As expected, Facebook has started displaying ads in users' News Feeds. You may not be seeing them yet as the company is rolling them out gradually, like it does for all its changes.
These new ads are marked as "Featured," which could be confusing given that Facebook has always used the word "Sponsored" for its ads. Currently, Facebook uses the verb "feature" for making content on a user's Timeline bigger and more prominent.
Last month, a Facebook spokesperson said the company hoped to "show people no more than one Sponsored Story in their News Feeds per day." This is no longer the case, as Facebook now says you may see more Featured stories "if you visit your News Feed a lot."
At the time, Facebook said it wanted to roll out the ads "thoughtfully and slowly" while also making sure that the stories were "clearly labeled." The ads are indeed labelled, but I would argue they could be marked more clearly. Facebook may have chosen "Featured" over "Sponsored" for these new ads since these stories are not simply paid for by advertisers. The stories must be related to friends and/or Pages which users have previously Liked. In other words, you won't see these ads appearing organically in your News Feed: they need to be linked to you in one or more ways.
You can see an example screenshot above, courtesy of Inside Facebook. For the above ad to appear in your News Feed, two things need to happen. First, you must have already Liked Ben & Jerry's Facebook Page, or one of your friends must have interacted with Ben & Jerry's Page. Second, Ben & Jerry must have chosen to have the ad promoted to users who have Liked its Page.
Alternatively, a story you wrote can also be featured as an ad, but it will only be shown to people you originally shared it with. A business may want to do this in order to get more people to Like its Page by showing off someone important Liking their Page, or underlining interesting content someone posted on their Page. Facebook is likely hoping the fact that since the story is being shared between friends, it will be considered more relevant than a traditional ad would be.
Since these ads are just stories, they cannot be stopped completely (although ad blockers may find a way around this). Users do, however, have three options provided by Facebook to limit the ads: click hide to remove individual stories, limit the volume of stories you see from a specific friend to only important posts, or unfriend the person and/or unlike the Page to stop seeing certain kinds of stories altogether.
Here is the official description of Featured Stories from the Facebook Help Center:
Businesses can pay to feature a post so there's a better chance you'll notice it.
A quick example of how it works
- Say you like your gym's Facebook Page.
- Some friends see the story in their news feeds, others may miss it.
- The owner of the gym can pay to feature the story so your friends are more likely to see it.
Who can see featured stories You decide who can see what you share on Facebook. When a story is featured, it's shown to the same people you originally shared it with.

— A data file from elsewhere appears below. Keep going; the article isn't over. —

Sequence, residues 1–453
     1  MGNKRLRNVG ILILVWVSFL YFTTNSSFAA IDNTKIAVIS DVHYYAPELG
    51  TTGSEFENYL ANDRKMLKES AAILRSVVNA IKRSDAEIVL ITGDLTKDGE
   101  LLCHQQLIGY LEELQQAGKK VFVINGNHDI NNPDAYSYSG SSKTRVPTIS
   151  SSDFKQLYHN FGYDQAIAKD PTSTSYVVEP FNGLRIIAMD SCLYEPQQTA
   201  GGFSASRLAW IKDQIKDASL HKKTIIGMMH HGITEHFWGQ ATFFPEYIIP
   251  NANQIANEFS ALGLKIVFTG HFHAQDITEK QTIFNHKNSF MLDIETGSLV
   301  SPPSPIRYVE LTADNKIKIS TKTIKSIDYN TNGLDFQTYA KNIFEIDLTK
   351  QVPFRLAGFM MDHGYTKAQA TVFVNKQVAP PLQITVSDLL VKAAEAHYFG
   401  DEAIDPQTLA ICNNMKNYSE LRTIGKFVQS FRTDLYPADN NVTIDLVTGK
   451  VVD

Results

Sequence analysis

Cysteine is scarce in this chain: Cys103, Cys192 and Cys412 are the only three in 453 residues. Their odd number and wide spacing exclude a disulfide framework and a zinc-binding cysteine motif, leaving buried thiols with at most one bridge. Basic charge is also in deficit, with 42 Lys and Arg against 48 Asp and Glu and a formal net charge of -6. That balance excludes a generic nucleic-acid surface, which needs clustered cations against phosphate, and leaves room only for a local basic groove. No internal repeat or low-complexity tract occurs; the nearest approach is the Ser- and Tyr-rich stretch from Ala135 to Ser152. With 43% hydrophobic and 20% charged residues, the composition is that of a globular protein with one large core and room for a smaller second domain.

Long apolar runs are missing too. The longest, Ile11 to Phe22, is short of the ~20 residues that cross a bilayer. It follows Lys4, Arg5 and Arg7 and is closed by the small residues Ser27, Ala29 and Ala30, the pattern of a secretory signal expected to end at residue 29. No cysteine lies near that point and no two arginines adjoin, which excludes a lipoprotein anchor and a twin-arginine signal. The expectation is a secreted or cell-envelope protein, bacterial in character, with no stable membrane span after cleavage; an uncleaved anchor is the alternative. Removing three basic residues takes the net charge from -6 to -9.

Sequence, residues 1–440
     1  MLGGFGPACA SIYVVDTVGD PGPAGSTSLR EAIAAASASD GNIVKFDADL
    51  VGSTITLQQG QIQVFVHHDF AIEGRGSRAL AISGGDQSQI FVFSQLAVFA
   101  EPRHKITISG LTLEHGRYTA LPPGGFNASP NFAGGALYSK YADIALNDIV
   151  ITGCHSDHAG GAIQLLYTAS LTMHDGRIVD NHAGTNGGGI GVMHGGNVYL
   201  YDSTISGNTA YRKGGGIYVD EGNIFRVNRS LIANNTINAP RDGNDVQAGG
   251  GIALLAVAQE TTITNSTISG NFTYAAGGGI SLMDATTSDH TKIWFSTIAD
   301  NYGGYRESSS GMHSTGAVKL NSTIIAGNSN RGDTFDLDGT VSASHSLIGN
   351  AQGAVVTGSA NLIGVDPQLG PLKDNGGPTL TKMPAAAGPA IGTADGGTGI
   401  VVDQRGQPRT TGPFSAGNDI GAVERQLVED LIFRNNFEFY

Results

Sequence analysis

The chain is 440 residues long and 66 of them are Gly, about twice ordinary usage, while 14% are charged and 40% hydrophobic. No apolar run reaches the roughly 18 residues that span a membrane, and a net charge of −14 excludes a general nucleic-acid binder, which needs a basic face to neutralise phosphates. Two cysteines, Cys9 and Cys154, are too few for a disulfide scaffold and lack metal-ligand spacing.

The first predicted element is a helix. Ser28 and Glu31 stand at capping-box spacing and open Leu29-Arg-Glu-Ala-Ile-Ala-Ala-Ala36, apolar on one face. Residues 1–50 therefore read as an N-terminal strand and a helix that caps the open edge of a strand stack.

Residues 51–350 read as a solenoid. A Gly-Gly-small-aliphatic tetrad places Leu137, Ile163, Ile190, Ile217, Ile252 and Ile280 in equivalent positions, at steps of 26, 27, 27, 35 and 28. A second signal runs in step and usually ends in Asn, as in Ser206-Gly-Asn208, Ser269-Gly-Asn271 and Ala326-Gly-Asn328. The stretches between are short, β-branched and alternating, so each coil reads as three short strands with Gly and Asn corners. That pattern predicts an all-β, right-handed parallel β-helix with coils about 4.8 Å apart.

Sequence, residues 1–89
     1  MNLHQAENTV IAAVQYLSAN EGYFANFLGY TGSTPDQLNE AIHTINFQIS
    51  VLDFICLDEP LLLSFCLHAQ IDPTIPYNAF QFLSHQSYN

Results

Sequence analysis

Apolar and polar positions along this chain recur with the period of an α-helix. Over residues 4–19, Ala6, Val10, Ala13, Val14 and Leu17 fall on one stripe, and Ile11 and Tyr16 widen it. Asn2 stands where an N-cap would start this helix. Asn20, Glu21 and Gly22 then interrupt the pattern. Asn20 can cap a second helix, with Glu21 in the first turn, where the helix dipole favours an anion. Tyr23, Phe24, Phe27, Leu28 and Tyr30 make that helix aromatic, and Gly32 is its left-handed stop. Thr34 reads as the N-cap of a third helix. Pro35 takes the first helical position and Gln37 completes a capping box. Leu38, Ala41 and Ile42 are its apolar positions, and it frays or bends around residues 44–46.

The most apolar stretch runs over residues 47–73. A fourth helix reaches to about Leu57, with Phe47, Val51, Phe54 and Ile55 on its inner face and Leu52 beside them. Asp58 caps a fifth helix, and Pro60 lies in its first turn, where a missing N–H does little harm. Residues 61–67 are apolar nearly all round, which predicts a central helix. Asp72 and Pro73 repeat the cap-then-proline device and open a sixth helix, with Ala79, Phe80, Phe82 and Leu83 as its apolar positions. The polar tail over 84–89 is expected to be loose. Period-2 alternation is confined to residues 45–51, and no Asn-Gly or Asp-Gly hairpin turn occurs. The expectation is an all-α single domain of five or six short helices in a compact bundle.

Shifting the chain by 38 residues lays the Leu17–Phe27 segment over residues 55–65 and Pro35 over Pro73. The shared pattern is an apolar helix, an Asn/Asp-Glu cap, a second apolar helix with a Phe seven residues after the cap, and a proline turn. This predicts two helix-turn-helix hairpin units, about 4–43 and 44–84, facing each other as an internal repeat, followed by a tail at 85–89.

Featured stories you may see
- When a Page you like posts something new
- When a friend likes something (such as a Facebook Page or individual Page post)
- When a friend checks in somewhere, plays a game or uses an app
Last month, Facebook launched a campaign to explain ads to its users over at facebook.com/about/ads. The goal was to inform its users about how the social networking giant makes money, and why it needs ads to keep the service free for all its users.
I think Facebook is expecting a huge backlash with this change, and rightly so. The social networking giant first put ads into the News Feed before in 2007, but quickly stopped the practice in 2008. Facebook co-founder and CEO Mark Zuckerberg called the introduction of Beacon four years ago a mistake. Still, with the company's upcoming IPO, Zuckerberg is looking for as many different revenue sources as he can find.
Despite the limitations set on the ads, this is still a risky move on Facebook's part. Now that we have at least one ad per day in the News Feed, what's stopping the company from showing at least two per day? How about at least three? Where does it end?
I have contacted Facebook for more information and will update you if I hear back.
Update: "Featured Stories are regular stories that people may see in their News Feeds already, but that a marketer has paid to feature on Facebook," a Facebook spokesperson said in a statement. "We've begun slowly rolling these out in News Feed and are labeling them as 'featured'. These stories respect your and your friends' privacy settings, and people will only see Featured Stories about people and Pages they've already connected to."
"We are using the term 'featured' because we want to make it clear to people that they're seeing content from a Page or person they have chosen to connect to. Since people can see marketing messages from both Pages they have and have not Liked, we want to make it clear that marketers can only pay for stories to be featured in your News Feed if you have explicitly liked the Page. And because you are always connected to your friends, we are also labelling stories from your friends that have been paid to be featured in your News Feed as 'featured' to keep things consistent."
- Why is Facebook putting ads in the News Feed next month?
- Over half of Facebook users respond to social media marketing
- Women more likely than men to click on Facebook ads
- Facebook doubled its advertising market share from 2009 to 2010
- Facebook made $1.86 billion from your content in 2010
- Facebook testing coupons as premium ads